By Fraser Bryce
Strathclyde Telegraph readers, I am here to tell you about the best band you’ve never heard of. That band is Leeds based pop and rollers Eureka Machines. The band, formed in 2007 by Sisters of Mercy/Ginger Wildheart guitarist Chris Catalyst, are now on their fourth album, their second to be released via Pledgemusic. Before its release, the band hailed the album as the best they’ve ever done, and, based on the impossibly high quality of the last three, that’s quite a feat.
So, did they deliver? They did. By the bucket load.
From the fast paced opener ‘Paranoia’, it’s clear that Eureka Machines have hit their peak. The sound is slicker, the musicianship tighter, the choruses bigger. The punky as Hell ‘Television’ and the slightly wacky ‘Sleep Deprivation’ reflect the band’s punk edge, without sacrificing any of their trademark vocal harmonies. The title track is not only one of the finest pop songs I’ve heard in ages, but serves as a wonderful ode to being an outcast, with Catalyst singing “Being normal is overrated/Am I ordinary/Or the weirdest guy I know?” The following track, ‘Human’ is a bruising punk rock song that the Ramones would have been proud to call their own. ‘Every Day I Thank The World I Cut You Off’ is slightly more mellow, but its soaring bridge section and quite brilliant lyrics (“It’s better to fuck off than fade away” is a personal favourite) make it easily one of the best tracks the band have done. And they’ve got some brilliant songs.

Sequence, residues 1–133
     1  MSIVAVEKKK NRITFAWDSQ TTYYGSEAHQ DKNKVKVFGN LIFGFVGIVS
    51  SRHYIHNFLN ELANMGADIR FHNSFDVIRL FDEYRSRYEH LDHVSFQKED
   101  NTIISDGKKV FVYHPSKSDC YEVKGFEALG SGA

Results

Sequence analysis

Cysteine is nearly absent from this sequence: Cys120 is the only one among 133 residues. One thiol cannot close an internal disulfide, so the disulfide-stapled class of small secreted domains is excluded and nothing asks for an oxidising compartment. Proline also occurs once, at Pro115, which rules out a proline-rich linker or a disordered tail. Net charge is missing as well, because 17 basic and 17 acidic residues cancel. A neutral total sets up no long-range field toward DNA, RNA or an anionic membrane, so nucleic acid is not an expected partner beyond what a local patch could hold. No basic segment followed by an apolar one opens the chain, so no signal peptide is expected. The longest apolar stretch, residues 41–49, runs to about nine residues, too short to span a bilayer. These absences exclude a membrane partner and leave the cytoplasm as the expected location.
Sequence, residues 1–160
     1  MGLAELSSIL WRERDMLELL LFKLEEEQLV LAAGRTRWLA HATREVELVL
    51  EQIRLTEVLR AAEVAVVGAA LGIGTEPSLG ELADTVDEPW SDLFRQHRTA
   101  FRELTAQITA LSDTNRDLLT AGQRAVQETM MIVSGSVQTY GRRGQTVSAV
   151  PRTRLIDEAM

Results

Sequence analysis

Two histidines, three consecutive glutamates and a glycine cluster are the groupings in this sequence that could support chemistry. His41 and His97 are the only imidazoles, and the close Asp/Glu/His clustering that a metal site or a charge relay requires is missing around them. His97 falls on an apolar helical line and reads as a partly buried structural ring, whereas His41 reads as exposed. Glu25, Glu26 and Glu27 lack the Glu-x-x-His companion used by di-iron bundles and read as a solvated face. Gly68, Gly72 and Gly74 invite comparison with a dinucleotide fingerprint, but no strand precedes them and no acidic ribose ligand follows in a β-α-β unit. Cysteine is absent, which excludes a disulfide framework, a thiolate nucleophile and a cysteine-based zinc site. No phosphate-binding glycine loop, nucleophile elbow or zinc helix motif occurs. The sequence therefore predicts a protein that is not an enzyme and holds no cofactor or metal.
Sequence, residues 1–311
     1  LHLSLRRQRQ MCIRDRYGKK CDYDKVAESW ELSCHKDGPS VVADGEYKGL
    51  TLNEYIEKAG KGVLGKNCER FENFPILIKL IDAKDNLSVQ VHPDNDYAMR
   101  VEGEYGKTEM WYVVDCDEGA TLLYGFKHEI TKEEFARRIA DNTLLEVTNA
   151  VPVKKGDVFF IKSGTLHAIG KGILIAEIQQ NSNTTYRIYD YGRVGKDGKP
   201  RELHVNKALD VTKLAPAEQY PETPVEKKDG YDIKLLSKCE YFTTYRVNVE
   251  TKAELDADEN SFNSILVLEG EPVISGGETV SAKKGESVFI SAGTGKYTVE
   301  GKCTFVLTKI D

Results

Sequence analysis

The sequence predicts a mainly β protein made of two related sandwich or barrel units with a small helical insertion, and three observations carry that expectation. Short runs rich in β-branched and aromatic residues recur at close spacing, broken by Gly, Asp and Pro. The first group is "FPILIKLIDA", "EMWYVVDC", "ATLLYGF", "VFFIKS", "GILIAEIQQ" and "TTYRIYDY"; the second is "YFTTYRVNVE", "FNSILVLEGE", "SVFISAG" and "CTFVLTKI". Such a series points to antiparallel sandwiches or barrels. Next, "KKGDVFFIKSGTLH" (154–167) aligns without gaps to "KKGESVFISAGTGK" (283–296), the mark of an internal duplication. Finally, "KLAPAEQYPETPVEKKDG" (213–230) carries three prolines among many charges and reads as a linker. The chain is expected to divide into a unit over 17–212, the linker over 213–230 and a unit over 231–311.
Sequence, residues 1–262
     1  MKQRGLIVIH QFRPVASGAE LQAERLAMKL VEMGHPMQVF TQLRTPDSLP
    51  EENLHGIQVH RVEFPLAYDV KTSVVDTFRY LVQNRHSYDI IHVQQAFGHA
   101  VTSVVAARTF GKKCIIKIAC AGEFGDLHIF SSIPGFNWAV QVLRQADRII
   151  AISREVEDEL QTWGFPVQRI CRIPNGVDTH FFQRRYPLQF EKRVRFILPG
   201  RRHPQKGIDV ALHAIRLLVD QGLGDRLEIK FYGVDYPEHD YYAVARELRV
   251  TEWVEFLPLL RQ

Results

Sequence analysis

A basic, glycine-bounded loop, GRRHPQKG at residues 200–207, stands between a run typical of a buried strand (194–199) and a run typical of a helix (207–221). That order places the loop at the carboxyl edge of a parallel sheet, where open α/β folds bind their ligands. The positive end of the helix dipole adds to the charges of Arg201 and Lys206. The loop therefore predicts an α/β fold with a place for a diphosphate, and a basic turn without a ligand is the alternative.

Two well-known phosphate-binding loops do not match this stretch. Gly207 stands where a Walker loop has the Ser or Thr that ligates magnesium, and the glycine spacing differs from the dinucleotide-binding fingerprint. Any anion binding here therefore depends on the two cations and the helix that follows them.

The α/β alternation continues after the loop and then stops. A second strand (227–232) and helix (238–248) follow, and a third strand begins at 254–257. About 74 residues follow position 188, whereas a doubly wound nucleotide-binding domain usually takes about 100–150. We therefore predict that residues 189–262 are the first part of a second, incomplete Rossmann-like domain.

At this point, the album has more than enough quality tracks, and you kind of find yourself hoping they’d put a few stinkers on so you could listen to other music without going “It’s good, but it’s not Brain Waves”. But that is not how Eureka Machines work. Lead single “Welcome To My Shangri-La” is an instant classic, with a chorus that is begging to be sang at the top of your lungs, and “Nuero Bolero” is a sure-fire live favourite.
The two tracks that close the album: ‘I Miss You’ and ‘We’re Going To The Future’ are the best songs this band have ever produced, with the former track being full of crunchy guitars and luscious harmonies with a vocal performance so epic it apparently relocated Chris Catalyst’s jaw, and the closing track is a seven minute anthem, complete with a stadium sized chorus and an epic key change.
This is Eureka Machines’ best album by a country mile, and cements their status as the best underground band in Britain. In other circumstances, this album would have been a world-beater, seeing the band bringing their energetic live shows to megadomes across the world, but the music industry is a heartless bitch, and their upcoming UK tour, which will no doubt sell out, is in venues a far cry from where this band should be playing. But Eureka Machines embody all that is great about music, and their DIY attitude allows the band a creative freedom that groups on major labels would kill for. This album is a testament to their brilliance. Long may they continue.